Kangkong (Scientific Name: Ipomoea aquatica) is a semiaquatic, tropicalplant grown as a vegetable for its tender shoots and leaves.
It is a very common vegetable in the Philippines, also known as Water Spinach, River Spinach, Water Morning Glory and Chinese Spinach but it can be surprisingly deadly if it is not cooked well!
It is a delicious side dish and it is included in many home-cooked meals. Adobong kangkong is often served in high-end restaurants.
However, if not cooked well, eating kangkong can lead to a condition called fasciolopsiasis.
A large species of the parasitic intestinal fluke called fasciolopsis buskin thrives in the watery areas where the Kangkong usually grows. These parasites place their eggs in the water and form into larval cysts.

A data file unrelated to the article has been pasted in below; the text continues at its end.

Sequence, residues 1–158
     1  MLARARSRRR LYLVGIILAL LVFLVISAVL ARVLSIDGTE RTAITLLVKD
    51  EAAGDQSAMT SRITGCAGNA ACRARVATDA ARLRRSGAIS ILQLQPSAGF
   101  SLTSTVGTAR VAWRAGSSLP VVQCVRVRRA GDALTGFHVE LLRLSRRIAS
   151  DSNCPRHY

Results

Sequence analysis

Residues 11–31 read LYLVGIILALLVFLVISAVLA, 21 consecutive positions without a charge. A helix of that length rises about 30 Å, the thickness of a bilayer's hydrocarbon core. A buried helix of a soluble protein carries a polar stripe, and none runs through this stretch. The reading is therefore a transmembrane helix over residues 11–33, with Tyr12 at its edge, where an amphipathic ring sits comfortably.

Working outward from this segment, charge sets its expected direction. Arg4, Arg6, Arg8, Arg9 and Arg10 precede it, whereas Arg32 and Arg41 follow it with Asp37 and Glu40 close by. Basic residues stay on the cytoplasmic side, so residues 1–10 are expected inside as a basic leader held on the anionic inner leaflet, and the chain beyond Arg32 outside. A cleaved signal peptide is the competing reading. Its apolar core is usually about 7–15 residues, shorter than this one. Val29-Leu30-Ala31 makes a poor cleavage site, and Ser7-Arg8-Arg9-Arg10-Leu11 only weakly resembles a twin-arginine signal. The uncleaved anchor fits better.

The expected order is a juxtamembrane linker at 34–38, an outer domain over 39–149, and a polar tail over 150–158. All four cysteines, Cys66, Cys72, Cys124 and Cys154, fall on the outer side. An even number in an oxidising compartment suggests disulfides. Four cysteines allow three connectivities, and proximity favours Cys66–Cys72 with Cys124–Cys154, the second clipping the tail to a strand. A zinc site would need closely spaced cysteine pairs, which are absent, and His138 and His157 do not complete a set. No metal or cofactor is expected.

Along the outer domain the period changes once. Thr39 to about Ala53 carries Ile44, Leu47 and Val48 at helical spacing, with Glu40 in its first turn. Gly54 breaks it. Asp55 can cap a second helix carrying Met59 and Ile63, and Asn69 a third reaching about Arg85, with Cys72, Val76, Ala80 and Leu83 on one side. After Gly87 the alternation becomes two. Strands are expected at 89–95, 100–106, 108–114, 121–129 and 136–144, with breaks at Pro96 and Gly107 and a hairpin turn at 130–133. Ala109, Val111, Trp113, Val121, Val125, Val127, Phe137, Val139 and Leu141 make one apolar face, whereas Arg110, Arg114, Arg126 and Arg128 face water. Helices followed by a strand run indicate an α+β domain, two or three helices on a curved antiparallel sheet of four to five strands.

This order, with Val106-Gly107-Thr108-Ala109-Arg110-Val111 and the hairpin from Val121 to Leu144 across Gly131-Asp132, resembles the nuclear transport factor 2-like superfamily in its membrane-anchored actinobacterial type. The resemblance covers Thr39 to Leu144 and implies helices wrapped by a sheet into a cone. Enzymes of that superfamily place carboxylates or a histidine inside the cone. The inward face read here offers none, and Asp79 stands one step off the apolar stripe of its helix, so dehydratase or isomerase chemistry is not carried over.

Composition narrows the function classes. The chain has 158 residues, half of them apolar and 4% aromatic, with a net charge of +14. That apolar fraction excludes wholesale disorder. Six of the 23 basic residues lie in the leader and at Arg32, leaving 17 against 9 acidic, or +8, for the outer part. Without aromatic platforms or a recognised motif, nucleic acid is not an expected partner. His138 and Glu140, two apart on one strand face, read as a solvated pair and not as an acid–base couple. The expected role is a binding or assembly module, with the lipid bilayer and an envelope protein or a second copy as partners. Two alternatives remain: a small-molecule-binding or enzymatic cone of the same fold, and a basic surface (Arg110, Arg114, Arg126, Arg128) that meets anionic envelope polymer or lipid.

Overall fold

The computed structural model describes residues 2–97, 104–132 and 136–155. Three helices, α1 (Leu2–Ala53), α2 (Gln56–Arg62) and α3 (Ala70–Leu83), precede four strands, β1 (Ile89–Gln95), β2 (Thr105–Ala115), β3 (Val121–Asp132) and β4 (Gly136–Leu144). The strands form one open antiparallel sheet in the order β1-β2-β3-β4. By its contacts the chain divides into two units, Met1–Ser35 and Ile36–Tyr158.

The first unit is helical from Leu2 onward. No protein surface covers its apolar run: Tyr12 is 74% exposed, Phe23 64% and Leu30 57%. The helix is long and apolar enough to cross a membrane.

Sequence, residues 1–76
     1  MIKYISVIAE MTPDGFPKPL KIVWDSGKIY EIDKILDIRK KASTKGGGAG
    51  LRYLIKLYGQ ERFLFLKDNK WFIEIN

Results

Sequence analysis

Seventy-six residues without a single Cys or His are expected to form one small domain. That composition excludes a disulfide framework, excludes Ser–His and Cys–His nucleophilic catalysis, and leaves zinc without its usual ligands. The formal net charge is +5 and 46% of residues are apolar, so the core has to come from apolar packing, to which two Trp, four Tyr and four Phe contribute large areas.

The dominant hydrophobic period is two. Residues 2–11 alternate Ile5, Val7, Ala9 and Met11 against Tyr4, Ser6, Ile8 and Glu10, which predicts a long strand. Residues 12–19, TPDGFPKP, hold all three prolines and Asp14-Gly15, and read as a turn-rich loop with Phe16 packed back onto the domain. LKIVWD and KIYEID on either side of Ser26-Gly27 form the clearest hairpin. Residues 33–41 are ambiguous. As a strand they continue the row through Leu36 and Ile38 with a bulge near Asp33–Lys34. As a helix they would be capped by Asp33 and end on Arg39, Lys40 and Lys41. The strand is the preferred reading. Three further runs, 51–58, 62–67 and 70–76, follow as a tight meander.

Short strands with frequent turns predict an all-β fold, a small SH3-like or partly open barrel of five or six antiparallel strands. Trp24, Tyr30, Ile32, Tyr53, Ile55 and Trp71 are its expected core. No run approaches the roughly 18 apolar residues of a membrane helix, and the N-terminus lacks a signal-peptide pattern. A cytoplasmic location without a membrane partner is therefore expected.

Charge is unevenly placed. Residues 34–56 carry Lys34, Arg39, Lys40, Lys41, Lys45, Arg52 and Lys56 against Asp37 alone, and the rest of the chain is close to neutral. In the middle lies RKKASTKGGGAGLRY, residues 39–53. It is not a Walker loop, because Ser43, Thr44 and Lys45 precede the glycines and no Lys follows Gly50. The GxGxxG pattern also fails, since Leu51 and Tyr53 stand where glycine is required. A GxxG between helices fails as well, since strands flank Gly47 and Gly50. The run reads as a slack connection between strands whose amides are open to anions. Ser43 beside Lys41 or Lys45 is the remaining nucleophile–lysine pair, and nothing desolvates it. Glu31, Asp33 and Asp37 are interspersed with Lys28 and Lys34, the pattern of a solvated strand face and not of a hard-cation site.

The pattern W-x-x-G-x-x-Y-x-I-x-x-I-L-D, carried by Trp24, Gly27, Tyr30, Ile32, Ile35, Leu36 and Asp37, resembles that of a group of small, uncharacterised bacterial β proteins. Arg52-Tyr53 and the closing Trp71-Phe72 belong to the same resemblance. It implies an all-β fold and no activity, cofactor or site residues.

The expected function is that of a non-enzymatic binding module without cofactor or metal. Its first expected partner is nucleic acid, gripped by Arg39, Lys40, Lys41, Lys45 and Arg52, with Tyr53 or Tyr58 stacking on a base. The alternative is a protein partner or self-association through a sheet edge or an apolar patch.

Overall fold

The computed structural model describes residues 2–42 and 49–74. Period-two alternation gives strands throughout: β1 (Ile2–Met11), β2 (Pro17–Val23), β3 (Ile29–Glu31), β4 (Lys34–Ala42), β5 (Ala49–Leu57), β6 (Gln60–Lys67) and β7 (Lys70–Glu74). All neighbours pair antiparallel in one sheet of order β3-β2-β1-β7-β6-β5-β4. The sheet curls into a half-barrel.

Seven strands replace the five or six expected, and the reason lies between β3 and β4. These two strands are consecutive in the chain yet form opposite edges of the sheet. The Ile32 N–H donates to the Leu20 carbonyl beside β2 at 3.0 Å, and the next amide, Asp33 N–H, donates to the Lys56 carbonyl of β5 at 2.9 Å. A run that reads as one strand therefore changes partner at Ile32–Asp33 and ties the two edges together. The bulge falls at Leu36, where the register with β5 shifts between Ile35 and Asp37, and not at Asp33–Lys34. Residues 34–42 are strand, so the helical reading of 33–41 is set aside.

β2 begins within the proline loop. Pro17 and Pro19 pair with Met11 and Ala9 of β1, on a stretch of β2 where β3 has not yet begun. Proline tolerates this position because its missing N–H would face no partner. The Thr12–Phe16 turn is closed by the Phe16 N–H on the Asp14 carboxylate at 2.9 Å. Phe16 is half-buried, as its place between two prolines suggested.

If not cleaned or washed properly, they can be ingested, giving them access to your digestive track, after which they will eventually pin themselves to your intestinal walls.
Victims may experience abdominal pain, indigestion and other allergic reactions. If not properly taken care of, the flukes may multiply and can lead to a person’s death!
Therefore, if you eat Kangkong it should be thoroughly washed and cooked well to avoid harming your body.